DeepAI
Log In Sign Up

Spatial Graph Convolution Neural Networks for Water Distribution Systems

11/17/2022
by   Inaam Ashraf, et al.
Bielefeld University
0

We investigate the task of missing value estimation in graphs as given by water distribution systems (WDS) based on sparse signals as a representative machine learning challenge in the domain of critical infrastructure. The underlying graphs have a comparably low node degree and high diameter, while information in the graph is globally relevant, hence graph neural networks face the challenge of long-term dependencies. We propose a specific architecture based on message passing which displays excellent results for a number of benchmark tasks in the WDS domain. Further, we investigate a multi-hop variation, which requires considerably less resources and opens an avenue towards big WDS graphs.

READ FULL TEXT VIEW PDF
12/13/2022

Leave Graphs Alone: Addressing Over-Squashing without Rewiring

Recent works have investigated the role of graph bottlenecks in preventi...
06/18/2021

Message Passing in Graph Convolution Networks via Adaptive Filter Banks

Graph convolution networks, like message passing graph convolution netwo...
02/01/2022

Stability and Generalization Capabilities of Message Passing Graph Neural Networks

Message passing neural networks (MPNN) have seen a steep rise in popular...
04/28/2021

Reconstructing nodal pressures in water distribution systems with graph neural networks

Knowing the pressure at all times in each node of a water distribution s...
12/14/2021

Improving Spectral Graph Convolution for Learning Graph-level Representation

From the original theoretically well-defined spectral graph convolution ...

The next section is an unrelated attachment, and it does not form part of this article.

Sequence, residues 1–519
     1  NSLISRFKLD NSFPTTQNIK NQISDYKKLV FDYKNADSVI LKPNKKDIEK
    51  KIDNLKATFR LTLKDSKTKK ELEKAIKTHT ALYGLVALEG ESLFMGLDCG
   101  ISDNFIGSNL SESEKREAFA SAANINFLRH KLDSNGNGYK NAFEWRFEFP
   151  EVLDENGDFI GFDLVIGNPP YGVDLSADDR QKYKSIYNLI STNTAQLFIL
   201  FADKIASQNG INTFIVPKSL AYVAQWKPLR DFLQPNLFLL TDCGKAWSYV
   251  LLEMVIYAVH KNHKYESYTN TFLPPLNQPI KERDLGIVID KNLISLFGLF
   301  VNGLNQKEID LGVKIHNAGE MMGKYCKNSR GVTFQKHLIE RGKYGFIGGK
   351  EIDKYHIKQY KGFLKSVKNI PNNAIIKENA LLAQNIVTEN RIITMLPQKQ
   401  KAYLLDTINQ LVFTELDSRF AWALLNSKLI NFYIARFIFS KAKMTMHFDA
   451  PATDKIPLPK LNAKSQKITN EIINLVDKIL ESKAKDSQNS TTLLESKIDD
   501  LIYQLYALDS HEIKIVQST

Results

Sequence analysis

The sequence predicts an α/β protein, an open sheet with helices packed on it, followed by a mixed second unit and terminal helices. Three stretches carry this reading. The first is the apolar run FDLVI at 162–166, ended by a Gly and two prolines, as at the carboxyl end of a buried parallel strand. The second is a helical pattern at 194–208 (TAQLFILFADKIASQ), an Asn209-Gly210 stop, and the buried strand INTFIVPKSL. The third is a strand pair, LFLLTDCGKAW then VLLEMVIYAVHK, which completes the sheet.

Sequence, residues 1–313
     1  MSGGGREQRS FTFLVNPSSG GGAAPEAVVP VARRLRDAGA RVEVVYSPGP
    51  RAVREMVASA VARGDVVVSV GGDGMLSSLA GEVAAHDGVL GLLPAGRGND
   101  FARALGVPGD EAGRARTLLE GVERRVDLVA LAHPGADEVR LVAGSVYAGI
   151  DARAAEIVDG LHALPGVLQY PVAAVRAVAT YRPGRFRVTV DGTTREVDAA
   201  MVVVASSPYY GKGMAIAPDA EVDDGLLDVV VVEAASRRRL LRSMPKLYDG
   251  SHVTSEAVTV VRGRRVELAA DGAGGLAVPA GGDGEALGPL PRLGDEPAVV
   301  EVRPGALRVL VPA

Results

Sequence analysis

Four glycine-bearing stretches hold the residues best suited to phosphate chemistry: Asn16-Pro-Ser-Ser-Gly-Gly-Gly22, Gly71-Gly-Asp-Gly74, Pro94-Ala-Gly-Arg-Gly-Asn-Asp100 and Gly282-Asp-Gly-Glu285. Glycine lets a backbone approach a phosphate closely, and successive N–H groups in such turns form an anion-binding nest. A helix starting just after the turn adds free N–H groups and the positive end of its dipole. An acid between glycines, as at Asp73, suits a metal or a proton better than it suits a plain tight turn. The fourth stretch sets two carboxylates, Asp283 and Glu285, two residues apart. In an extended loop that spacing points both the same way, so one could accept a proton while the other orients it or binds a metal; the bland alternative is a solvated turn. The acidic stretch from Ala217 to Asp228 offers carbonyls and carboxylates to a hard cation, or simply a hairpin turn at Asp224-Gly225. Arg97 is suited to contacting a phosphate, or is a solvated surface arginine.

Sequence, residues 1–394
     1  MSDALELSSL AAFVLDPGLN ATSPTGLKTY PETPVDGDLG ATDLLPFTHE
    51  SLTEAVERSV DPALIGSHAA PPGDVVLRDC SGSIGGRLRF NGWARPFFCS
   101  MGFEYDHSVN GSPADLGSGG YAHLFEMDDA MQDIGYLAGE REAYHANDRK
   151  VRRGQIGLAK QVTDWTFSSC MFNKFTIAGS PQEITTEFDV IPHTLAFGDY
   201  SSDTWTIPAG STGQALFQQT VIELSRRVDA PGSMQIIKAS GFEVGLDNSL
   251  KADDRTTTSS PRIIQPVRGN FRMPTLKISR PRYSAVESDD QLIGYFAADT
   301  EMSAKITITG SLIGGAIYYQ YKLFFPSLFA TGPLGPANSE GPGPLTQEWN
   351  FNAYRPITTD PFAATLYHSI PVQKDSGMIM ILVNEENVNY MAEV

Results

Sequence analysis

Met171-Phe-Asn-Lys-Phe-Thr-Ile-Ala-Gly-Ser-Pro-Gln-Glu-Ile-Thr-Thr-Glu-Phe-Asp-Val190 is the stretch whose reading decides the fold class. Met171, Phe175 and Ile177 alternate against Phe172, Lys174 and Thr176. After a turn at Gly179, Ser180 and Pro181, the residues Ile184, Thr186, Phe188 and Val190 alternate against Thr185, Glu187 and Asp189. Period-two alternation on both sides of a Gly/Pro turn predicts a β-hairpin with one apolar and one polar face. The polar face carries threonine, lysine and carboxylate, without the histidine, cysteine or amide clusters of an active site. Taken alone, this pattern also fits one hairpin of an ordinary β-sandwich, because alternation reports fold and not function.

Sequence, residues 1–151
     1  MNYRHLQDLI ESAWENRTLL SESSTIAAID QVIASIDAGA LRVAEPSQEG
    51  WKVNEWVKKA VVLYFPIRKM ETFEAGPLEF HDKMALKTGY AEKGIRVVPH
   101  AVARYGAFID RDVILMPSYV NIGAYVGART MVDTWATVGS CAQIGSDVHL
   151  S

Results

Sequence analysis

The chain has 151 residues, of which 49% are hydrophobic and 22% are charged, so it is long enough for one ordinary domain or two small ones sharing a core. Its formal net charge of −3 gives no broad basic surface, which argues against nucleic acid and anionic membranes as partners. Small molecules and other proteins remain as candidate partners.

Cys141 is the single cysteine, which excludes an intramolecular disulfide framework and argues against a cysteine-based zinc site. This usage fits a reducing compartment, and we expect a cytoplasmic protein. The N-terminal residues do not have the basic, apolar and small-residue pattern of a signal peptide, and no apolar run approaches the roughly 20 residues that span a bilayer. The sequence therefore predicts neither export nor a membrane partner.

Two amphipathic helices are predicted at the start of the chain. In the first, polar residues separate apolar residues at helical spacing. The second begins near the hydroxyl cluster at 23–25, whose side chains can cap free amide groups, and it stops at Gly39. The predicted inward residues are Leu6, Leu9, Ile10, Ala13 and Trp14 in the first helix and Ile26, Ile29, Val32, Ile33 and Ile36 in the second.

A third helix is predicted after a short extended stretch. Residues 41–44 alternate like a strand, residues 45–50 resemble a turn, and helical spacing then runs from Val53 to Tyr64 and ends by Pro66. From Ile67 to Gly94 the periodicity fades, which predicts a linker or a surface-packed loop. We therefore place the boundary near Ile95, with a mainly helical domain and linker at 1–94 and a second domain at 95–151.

03/30/2021

Variational models for signal processing with Graph Neural Networks

This paper is devoted to signal processing on point-clouds by means of n...
06/04/2018

Deep Graphs

We propose an algorithm for deep learning on networks and graphs. It rel...

1 Introduction

Transportation systems, energy grids, and water distribution systems (WDS) constitute parts of our critical infrastructure that are vital to our society and subject to special protective measures and regulations. As they are under increasing strain in the face of limited resources and as they are vulnerable to attacks, their efficient management and continuous monitoring is of great importance. As an example, the average amount of non-revenue water amounts to 25% in the EU [6], making the detection of leaks in WDS an important task. Advances in sensor technology and increasing digitalisation hold the potential for intelligent monitoring and adaptive control using AI technologies [5, 25, 13]

. In addition to more classical AI approaches, deep learning technologies are increasingly being used to solve learning tasks in the context of critical infrastructures

[4].

A common feature of WDS, energy networks and transport networks is that the data has a temporal and spatial character: Data is generated in real time according to an underlying graph, given by the power grid, the pipe network and the transport routes, respectively. Measurements are available for some nodes that correspond to local sensors, e.g. pressure sensors or smart meters. Based on this partial information, the task is to derive corresponding quantities at every node of the graph, to identify the system state or to derive optimal planning and control strategies. In this paper, we target the learning challenges of the first feature, inferring relevant quantities at each location of the graph based on few measurements. While classical deep learning models such as convolutional networks or recurrent models can reliably handle Euclidean data, graphs constitute non-Euclidean data that require techniques from geometric deep learning. Based on initial approaches dating back more than a decade [28, 10], a variety of graph neural networks (GNNs) have recently been proposed that are able to directly process information such as present in critical infrastructure [2, 3, 7, 14, 29]. First applications demonstrate the suitability of GNNs for the latter [23, 5, 3].